The opening section of Talking Doctrine helpfully sets the tone for the conversation ahead. The reader is first brought into the background and context of the project. It is here that the reader encounters the charitable character exhibited in the exchange. The tone is respectful and cordial despite the clear theological differences. As an Evangelical who appreciates inter-faith dialogue and worldview analysis, I found this first section of the book to be an exciting and appropriate demonstration of how responsible exchange should be facilitated. However, I also found myself a bit concerned with the soft-handed approach of some of the Evangelical contributors.

The subsequent section turns more pointedly towards the specific doctrinal differences traditionally witnessed between Mormons and Evangelicals. This interaction was helpful and appropriately modeled. Although, as someone who interacts with Mormons with some level of frequency, I would be hard-pressed to believe that the Mormon contributors of this volume represent the theological convictions of the missionaries that knock on my door. Still, the honest and candid conversation about the trinity, grace, the origins of mankind, the nature of God, deification, and authority are well worth the price of the book—especially if you engage in similar conversations regularly.

Talking Doctrine: Mormons & Evangelicals in Conversation is a valuable book if for no other reason than it models the effectiveness of a relationally driven inter-faith dialogue. If compassion for people and understanding of worldview are absent from our efforts to pursue truth, then our efforts will ultimately fail. There will inevitably be several points of disagreement throughout the book for both Mormons and Evangelicals, both in methodology and affirmation, but the book has undoubtedly accomplished what it intended to accomplish. If you are in the market for an up-to-date exploration into some of the similarities and differences between current theological trends shaping Mormonism and Evangelical Christianity, the present volume is a suitable entry point.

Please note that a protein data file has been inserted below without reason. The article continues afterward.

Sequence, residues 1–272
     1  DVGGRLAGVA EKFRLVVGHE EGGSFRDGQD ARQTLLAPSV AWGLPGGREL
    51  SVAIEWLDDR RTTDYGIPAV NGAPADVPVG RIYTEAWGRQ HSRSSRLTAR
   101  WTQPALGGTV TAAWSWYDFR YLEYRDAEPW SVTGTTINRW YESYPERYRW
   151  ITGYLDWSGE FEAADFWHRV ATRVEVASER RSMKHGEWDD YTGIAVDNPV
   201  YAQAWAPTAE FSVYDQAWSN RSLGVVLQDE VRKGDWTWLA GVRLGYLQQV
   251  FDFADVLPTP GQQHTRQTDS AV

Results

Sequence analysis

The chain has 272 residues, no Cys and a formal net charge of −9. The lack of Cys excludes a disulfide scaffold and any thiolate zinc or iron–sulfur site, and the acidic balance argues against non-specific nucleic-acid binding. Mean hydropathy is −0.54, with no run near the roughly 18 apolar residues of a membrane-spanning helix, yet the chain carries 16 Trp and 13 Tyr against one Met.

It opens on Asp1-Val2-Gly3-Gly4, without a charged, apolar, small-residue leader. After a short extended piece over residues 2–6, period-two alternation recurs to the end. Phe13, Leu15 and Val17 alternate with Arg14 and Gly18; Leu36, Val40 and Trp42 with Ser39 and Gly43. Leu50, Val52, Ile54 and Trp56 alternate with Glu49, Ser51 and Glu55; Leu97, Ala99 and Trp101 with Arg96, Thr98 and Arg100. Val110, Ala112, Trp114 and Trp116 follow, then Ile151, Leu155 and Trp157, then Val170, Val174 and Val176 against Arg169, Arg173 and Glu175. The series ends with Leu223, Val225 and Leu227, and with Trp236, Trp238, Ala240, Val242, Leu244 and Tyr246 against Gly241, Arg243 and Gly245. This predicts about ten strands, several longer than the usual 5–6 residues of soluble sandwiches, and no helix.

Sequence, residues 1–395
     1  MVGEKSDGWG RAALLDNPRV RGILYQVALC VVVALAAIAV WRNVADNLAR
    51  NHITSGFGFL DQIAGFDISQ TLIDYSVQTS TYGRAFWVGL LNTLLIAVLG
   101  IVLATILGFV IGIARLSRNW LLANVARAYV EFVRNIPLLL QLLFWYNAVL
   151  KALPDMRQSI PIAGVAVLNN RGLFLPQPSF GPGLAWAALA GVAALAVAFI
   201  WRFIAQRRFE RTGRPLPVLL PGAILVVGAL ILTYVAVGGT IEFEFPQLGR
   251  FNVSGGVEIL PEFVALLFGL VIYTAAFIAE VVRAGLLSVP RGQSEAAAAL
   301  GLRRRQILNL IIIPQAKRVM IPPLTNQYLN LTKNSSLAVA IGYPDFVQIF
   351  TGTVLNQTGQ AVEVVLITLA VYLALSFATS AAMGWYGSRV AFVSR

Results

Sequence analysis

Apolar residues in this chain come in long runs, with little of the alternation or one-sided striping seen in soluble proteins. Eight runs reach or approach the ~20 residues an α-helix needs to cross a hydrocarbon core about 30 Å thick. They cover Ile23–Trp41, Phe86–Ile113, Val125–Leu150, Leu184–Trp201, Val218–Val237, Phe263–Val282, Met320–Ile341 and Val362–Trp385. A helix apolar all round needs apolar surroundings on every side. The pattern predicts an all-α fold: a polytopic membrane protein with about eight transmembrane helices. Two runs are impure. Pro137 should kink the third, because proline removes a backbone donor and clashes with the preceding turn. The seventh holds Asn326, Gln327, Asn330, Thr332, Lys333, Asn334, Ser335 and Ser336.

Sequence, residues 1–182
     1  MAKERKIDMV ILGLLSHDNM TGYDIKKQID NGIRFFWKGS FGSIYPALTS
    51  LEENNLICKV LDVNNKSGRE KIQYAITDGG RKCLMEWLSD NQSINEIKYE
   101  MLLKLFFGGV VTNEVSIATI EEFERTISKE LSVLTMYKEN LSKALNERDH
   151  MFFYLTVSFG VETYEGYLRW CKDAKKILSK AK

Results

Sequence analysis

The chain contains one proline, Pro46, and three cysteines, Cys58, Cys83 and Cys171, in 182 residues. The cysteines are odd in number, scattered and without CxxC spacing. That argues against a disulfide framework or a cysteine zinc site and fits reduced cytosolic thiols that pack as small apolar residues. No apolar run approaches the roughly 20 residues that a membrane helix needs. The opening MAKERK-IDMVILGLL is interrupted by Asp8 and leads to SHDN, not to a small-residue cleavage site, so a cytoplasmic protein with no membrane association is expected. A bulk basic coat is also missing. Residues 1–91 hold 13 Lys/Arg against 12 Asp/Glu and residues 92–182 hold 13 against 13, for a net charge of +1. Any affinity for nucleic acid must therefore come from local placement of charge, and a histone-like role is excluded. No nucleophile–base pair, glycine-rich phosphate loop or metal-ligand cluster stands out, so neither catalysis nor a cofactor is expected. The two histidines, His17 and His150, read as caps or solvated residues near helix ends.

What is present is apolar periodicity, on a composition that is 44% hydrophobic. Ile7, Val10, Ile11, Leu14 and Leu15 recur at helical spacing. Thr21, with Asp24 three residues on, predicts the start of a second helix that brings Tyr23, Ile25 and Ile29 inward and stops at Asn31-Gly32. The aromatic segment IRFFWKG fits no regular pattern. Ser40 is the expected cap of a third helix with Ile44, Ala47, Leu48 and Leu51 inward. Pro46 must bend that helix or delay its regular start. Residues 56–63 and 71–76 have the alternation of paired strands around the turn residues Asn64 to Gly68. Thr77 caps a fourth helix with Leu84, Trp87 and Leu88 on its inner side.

I received a review copy of these books in exchange for and honest review. I was not required to write a positive review. The opinions I have expressed are my own. I am disclosing this in accordance with the Federal Trade Commission’s 16 CFR, Part 255: “Guides Concerning the Use of Endorsements and Testimonials in Advertising.

 

Review: Compact Greek-English Lexicon of the New Testament

Screen Shot 2015-12-18 at 3.48.12 PMFor the student of the Greek New Testament, there exists no shortage of Greek-English lexicons. So, why then look to buy another Greek-English lexicon? The answer is likely simpler than one might think. For the sake of brevity, I will list three reasons here: (1) portability, (2) price point, and (3) practical usefulness.